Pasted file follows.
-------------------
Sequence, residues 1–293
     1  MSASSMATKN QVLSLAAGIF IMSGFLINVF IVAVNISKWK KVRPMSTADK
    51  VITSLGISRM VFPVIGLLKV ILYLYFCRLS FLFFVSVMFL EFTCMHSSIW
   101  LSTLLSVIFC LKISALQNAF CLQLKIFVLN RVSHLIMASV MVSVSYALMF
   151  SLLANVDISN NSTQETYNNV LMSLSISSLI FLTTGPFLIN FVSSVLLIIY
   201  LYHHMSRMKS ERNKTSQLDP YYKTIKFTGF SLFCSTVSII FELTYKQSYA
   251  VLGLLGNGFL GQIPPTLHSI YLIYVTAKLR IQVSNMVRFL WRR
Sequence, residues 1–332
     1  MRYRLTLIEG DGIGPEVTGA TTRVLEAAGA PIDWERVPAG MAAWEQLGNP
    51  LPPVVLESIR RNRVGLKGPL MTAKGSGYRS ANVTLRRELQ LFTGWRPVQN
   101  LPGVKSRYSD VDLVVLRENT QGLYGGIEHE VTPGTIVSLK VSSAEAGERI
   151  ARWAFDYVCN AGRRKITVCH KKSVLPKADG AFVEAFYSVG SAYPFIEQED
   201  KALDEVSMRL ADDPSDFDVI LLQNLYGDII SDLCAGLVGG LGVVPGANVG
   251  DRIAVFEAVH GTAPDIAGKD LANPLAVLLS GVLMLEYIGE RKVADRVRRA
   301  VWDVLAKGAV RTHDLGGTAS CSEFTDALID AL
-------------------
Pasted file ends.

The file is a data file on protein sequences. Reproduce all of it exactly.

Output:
Sequence, residues 1–293
     1  MSASSMATKN QVLSLAAGIF IMSGFLINVF IVAVNISKWK KVRPMSTADK
    51  VITSLGISRM VFPVIGLLKV ILYLYFCRLS FLFFVSVMFL EFTCMHSSIW
   101  LSTLLSVIFC LKISALQNAF CLQLKIFVLN RVSHLIMASV MVSVSYALMF
   151  SLLANVDISN NSTQETYNNV LMSLSISSLI FLTTGPFLIN FVSSVLLIIY
   201  LYHHMSRMKS ERNKTSQLDP YYKTIKFTGF SLFCSTVSII FELTYKQSYA
   251  VLGLLGNGFL GQIPPTLHSI YLIYVTAKLR IQVSNMVRFL WRR
Sequence, residues 1–332
     1  MRYRLTLIEG DGIGPEVTGA TTRVLEAAGA PIDWERVPAG MAAWEQLGNP
    51  LPPVVLESIR RNRVGLKGPL MTAKGSGYRS ANVTLRRELQ LFTGWRPVQN
   101  LPGVKSRYSD VDLVVLRENT QGLYGGIEHE VTPGTIVSLK VSSAEAGERI
   151  ARWAFDYVCN AGRRKITVCH KKSVLPKADG AFVEAFYSVG SAYPFIEQED
   201  KALDEVSMRL ADDPSDFDVI LLQNLYGDII SDLCAGLVGG LGVVPGANVG
   251  DRIAVFEAVH GTAPDIAGKD LANPLAVLLS GVLMLEYIGE RKVADRVRRA
   301  VWDVLAKGAV RTHDLGGTAS CSEFTDALID AL